Crawford plays Kay Bentley, a spoiled rich girl sailing with her father (Frank Morgan) and a retinue of friends and servants off a Greek island. When Kay goes ashore she meets archaeologist Terry O'Neill (Brian Aherne); she's terribly attracted to him, but doesn't disclose her true identity, as Terry has made it clear he's not interested in the types of people who travel by yacht.
Terry wants to marry Kay and eventually follows her to New York, only to learn she's not a secretary named Ann Morrison. Terry and Kay realize they are madly in love but first must work past her flightiness, her fiance (Fred Keating), her father's debt crisis, her dragon of a rich grandmother (Jessie Ralph) -- and his loathing of office jobs. Can Kay be happy following her husband to dig sites around the world?
Crawford's immature character can be annoying, but because Terry is so likeable and loves her, we want to like her too. Aherne makes the movie -- deeply in love, funny, and not willing to take any guff. He has a couple very good speeches early on, encouraging Crawford that if she's not happy, she doesn't have to accept herself as she is, and he makes the devotion he feels for a woman who's admittedly rather an airhead believable. It's hard to understand why Crawford doesn't go for such a handsome, understanding, and intelligent man immediately, but if she had, there wouldn't have been a movie!
MERRILY WE LIVE (1938), HIRED WIFE (1940) and A NIGHT TO REMEMBER (1943).
Eric Blore and Arthur Treacher threaten to steal the film as battling butlers. Sterling Holloway is a worker at Aherne's dig site, Aline MacMahon plays Aherne's business associate, Esther Dale is a housekeeper, and Hedda Hopper has a tiny role as one of Crawford's relatives. Although she's not listed at IMDb, I believe Marcia Mae Jones is one of the children at the Christmas party at the end.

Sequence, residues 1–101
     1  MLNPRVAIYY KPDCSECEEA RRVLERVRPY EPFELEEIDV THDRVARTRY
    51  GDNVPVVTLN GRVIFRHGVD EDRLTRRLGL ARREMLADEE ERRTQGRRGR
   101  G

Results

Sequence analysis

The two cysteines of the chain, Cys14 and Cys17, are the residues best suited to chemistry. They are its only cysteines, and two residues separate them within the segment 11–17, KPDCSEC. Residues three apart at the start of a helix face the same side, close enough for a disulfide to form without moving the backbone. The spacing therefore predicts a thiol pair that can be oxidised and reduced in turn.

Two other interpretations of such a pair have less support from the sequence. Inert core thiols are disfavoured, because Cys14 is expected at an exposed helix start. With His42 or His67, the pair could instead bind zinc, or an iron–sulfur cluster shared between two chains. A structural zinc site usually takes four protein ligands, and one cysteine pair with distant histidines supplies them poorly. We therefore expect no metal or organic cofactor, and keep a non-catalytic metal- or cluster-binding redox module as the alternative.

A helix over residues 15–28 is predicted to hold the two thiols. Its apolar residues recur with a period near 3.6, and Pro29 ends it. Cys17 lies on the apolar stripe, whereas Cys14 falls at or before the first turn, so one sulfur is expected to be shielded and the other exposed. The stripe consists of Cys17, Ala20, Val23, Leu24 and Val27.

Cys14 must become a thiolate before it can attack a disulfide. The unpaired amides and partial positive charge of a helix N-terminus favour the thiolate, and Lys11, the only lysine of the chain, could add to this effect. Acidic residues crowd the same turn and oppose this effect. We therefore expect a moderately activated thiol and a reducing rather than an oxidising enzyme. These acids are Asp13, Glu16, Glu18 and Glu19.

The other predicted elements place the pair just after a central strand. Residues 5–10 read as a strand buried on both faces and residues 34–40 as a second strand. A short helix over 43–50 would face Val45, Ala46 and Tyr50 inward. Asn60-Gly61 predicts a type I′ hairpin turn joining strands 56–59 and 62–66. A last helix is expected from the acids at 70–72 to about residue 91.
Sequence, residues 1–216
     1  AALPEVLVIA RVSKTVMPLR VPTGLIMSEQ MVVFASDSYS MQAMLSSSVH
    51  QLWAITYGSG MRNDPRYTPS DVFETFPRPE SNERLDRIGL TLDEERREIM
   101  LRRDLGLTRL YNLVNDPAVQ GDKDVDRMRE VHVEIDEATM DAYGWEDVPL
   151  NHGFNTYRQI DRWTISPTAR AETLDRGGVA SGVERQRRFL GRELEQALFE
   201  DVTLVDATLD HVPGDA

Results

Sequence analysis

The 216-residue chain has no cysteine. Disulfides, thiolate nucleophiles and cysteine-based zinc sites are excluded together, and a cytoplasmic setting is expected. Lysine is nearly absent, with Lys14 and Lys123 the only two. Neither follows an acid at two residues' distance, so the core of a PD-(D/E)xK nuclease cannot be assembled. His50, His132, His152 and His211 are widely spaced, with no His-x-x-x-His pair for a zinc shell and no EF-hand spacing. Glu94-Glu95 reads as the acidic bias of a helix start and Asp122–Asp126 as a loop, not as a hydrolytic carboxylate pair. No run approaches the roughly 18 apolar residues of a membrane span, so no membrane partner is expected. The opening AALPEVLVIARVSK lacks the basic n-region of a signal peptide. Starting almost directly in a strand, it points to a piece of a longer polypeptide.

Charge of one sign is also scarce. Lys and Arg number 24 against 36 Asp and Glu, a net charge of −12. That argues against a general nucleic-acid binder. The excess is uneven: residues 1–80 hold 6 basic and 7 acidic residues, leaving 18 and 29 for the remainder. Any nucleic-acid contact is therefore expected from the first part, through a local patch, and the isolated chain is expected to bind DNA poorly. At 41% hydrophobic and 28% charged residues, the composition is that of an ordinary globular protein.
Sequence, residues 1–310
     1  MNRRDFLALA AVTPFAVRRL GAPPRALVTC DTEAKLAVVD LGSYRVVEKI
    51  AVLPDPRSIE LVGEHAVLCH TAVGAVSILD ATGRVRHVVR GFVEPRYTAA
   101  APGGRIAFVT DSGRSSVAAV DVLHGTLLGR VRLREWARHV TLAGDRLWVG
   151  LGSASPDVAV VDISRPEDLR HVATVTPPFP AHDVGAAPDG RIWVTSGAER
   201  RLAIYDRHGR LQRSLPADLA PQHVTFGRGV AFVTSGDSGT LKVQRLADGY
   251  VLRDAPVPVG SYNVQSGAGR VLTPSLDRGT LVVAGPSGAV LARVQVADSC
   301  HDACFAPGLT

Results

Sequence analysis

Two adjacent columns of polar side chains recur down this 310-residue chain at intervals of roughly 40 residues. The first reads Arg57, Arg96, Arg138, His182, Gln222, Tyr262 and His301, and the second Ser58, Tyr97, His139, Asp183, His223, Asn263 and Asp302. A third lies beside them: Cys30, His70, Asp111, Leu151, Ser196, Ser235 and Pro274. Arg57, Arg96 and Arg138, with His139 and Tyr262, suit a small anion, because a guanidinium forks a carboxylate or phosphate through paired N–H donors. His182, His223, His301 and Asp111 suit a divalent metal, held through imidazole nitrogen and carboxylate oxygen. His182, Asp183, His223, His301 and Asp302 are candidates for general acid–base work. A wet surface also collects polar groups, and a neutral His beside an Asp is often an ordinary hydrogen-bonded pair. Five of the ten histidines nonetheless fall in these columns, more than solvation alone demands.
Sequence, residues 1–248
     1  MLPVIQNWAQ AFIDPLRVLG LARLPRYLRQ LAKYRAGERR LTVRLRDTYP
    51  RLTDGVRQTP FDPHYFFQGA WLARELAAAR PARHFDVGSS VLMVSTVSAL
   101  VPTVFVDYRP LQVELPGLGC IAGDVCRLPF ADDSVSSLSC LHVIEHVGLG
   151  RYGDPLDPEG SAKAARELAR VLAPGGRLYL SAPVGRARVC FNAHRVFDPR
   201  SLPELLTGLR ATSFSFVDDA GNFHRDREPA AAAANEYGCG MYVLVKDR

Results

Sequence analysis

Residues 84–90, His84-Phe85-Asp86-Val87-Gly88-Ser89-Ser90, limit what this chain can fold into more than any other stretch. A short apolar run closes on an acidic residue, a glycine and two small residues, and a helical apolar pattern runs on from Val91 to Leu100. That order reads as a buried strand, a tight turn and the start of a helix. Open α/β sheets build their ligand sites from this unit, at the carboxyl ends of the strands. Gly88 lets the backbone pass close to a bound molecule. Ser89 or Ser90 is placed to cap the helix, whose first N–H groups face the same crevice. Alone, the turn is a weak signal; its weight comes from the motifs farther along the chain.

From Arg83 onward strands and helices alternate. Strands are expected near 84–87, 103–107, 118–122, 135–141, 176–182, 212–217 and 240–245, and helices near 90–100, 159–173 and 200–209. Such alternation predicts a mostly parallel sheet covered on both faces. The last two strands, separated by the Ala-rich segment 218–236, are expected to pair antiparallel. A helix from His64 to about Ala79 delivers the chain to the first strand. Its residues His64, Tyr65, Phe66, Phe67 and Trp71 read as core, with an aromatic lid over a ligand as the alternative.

Other familiar faces with small roles include Shirley Ross, Jason Robards Sr., Etienne Girardot, Lionel Stander, Tom Dugan, Vince Barnett, Frank Conroy, Nella Walker, and Leonid Kinskey (quite amusing as a soup-drinking waiter).
W.S. Van Dyke (THE THIN MAN) from a script by Joseph L. Mankiewicz. It was filmed by George Folsey and the uncredited William H. Daniels. The score is by Dimitri Tiomkin.
The Warner Archive DVD is for the most part a fine print. The disc includes the trailer.
Thanks to the Warner Archive for providing a review copy of this DVD. Warner Archive releases are MOD (manufactured on demand) and may be ordered at the Warner Archive website.